Ms. Carlson is a 45-year-old woman who was recently diagnosed with amyotrophic lateral sclerosis (ALS), also known as Lou Gehrig's disease, a severe and eventually fatal neuromuscular disorder that causes progressive weakness and loss of control of one's muscles. Ms. Carlson was admitted to University Hospital three days ago for treatment of persistent and painful leg cramps, a common symptom of ALS. Two days of drug treatment and physical therapy have eased her muscle cramps and restored Ms. Carlson to her level of health and function before this hospitalization. Dr. Yates, her attending neurologist, informs her that she is now ready for discharge from the hospital. Ms. Carlson responds that she is deeply grateful for the excellent medical and nursing care that she has received in the hospital and that she believes that she can benefit further from several additional days in the hospital. Dr. Yates replies that the urgent medical reason for her admission to the hospital, her severe leg cramps, is under control, and so there is no further need for inpatient treatment. Ms. Carlson agrees that the leg cramps are much better, but she adds that she feels weak and is not confident that she can safely care for herself in her apartment, where she lives by herself. Therefore, she says, she will not agree to leave the hospital. Should Ms. Carlson remain in the hospital?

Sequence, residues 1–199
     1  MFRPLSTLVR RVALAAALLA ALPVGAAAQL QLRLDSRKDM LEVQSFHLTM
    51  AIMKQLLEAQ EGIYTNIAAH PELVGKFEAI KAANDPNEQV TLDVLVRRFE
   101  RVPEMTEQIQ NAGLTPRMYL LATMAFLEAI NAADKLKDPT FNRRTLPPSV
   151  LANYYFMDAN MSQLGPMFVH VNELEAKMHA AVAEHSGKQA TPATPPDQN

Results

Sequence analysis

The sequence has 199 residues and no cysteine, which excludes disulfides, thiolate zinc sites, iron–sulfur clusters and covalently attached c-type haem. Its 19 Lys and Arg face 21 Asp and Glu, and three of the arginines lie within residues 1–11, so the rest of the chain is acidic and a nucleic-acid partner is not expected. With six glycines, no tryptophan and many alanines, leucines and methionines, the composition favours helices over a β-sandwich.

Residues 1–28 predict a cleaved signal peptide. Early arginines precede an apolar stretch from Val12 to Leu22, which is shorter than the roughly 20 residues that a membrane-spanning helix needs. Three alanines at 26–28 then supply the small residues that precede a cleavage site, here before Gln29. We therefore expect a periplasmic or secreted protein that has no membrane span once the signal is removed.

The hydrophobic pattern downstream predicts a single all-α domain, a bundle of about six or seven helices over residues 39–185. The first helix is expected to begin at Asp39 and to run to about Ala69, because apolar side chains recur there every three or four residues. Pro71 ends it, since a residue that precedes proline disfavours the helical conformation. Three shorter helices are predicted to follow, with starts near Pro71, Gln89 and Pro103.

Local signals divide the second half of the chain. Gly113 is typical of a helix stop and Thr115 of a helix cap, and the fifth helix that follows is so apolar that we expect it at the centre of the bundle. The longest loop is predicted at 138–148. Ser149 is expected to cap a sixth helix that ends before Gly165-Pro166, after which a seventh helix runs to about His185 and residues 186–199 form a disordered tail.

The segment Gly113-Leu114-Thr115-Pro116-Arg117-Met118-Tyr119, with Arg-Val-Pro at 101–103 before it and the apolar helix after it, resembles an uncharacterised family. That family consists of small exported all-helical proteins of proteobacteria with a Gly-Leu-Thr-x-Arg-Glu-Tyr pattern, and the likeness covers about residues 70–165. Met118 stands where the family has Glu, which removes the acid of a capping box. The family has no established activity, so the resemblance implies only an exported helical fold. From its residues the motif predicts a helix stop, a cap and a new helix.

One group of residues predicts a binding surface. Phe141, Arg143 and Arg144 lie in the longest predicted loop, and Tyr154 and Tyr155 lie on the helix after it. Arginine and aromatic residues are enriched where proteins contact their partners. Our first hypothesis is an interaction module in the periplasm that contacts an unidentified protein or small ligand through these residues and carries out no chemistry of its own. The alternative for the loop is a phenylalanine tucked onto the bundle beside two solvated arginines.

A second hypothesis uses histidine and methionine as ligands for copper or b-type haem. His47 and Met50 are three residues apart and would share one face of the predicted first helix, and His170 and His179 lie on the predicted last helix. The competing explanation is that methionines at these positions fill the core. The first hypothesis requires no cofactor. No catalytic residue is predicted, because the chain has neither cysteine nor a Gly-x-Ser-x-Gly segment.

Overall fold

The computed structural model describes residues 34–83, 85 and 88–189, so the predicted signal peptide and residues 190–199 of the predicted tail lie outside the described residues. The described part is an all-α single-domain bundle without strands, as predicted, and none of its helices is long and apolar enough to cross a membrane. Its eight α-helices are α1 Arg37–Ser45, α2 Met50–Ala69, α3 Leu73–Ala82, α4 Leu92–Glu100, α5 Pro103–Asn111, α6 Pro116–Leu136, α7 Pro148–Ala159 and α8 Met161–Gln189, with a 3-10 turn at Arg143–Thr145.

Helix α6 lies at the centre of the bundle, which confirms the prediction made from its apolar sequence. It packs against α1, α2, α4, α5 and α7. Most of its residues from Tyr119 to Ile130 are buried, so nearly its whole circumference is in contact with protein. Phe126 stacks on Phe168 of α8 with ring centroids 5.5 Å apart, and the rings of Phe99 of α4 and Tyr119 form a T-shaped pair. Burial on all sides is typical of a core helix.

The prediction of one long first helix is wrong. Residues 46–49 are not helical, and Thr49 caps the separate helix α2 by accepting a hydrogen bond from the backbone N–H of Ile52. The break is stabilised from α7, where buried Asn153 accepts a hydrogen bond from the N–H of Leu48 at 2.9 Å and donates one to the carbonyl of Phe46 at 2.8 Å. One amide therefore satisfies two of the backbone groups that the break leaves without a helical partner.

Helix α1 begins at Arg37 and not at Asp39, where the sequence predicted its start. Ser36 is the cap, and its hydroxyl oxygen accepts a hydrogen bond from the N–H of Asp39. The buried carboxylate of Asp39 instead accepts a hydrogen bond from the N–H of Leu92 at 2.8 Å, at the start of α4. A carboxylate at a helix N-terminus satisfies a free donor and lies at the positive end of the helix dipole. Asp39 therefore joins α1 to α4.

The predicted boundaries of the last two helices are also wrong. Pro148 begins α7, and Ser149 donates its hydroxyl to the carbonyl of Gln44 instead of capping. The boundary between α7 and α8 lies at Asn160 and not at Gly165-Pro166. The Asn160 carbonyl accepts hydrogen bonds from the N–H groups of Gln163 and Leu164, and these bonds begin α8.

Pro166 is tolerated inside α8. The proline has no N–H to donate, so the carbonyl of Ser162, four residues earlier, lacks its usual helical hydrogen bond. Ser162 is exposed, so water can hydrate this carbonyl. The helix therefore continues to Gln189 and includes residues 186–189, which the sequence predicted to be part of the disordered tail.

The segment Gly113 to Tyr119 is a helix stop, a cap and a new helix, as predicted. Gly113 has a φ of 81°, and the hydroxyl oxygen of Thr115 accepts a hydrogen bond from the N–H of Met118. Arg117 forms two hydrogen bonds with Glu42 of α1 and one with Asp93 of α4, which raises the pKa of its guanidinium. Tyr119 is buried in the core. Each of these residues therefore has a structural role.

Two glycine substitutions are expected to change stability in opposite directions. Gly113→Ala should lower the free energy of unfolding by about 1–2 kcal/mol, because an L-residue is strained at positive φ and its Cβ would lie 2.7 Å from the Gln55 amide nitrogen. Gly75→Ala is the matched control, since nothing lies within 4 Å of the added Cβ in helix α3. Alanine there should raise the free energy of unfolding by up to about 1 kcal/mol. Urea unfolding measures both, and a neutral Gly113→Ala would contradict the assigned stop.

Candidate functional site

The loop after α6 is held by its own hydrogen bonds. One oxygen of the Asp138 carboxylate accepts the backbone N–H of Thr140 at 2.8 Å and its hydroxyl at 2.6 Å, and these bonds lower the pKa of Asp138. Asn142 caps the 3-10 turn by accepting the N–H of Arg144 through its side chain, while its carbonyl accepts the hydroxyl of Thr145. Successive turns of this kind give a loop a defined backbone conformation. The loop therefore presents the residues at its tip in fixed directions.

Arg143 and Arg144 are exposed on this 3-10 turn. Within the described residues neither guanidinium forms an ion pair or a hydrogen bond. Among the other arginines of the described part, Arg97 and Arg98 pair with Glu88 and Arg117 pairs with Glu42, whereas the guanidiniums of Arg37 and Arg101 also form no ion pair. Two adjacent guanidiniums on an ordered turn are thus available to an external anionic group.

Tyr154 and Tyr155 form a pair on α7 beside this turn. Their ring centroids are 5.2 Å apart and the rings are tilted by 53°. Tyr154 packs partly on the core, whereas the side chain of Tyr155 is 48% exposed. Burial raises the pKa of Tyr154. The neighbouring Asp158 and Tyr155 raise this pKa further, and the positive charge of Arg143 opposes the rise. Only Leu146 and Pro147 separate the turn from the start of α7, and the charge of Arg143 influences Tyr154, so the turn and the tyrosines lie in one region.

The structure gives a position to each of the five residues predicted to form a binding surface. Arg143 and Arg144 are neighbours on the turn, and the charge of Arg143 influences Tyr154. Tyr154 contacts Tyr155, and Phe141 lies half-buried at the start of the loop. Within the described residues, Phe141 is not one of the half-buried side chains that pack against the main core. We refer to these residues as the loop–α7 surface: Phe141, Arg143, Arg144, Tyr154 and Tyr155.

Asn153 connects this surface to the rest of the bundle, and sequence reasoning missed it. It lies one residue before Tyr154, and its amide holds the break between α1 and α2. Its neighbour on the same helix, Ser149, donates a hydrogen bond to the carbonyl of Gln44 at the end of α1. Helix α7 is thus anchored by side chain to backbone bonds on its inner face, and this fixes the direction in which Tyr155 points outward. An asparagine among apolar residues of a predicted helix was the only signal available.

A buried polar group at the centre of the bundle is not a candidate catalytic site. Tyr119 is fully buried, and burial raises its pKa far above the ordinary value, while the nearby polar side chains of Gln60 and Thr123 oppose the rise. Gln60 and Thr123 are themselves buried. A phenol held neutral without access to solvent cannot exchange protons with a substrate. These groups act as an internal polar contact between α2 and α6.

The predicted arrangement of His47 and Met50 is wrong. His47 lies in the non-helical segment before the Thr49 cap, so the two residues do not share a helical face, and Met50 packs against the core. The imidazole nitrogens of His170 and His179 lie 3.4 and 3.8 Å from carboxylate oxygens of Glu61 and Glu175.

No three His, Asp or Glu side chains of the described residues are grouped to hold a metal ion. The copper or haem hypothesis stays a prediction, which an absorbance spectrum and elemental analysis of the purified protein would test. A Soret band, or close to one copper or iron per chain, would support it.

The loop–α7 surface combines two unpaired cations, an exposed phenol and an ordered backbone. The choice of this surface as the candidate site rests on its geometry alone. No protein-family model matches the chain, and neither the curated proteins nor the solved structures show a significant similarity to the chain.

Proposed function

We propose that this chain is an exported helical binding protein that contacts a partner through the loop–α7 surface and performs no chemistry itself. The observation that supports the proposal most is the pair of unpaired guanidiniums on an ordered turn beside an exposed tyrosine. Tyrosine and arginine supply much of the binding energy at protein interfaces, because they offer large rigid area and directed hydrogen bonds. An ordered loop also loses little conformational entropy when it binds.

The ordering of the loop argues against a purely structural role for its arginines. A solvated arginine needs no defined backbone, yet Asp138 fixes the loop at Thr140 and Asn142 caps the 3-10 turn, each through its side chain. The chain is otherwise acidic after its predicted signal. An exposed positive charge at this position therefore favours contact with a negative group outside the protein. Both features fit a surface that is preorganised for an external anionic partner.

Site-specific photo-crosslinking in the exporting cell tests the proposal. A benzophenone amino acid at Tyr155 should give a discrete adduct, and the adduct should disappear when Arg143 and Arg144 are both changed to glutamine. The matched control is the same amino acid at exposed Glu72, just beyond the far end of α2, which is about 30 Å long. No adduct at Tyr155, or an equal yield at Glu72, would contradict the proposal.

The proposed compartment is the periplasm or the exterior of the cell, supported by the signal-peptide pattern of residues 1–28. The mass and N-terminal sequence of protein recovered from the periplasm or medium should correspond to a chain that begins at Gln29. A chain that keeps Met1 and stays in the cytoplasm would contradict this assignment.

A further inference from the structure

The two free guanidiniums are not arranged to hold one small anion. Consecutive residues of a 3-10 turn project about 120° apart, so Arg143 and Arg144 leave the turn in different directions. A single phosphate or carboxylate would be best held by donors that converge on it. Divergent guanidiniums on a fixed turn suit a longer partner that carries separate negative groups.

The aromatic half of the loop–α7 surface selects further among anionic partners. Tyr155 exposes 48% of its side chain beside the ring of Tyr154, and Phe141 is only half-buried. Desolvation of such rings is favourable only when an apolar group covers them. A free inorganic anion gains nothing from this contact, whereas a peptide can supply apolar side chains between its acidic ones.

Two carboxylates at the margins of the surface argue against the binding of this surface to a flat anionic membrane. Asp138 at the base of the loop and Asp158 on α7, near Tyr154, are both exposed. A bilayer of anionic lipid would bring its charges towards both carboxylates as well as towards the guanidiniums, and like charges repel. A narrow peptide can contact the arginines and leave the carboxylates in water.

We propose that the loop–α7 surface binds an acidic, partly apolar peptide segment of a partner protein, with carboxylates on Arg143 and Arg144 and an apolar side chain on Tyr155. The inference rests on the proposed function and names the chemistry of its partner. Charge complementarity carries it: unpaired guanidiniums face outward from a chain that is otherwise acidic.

The previous chapter described the emergence of health care ethics in the United States as a new field of inquiry prompted in part by several high-profile events in the 1970s. Scholars responded to the growing public and professional interest in ethical questions about medical treatment by developing and recommending a number of different approaches to moral reasoning in health care contexts. This chapter will describe the first and most widely discussed approach to moral reasoning in health care, the principle-based approach of Tom Beauchamp and James Childress. It will then offer briefer descriptions of several alternative approaches, including the case-based approach of Albert Jonsen and Stephen Toulmin, the systematic, rule-based approach of Bernard Gert, Charles Culver, and Dan Clouser, the virtue-based approach of Edmund Pellegrino and David Thomasma, and the “postmodern” approach of H. Tristram Engelhardt, Jr. Finally, it will suggest a simple practical method for analyzing moral questions in health care that can draw on the resources of all of these approaches.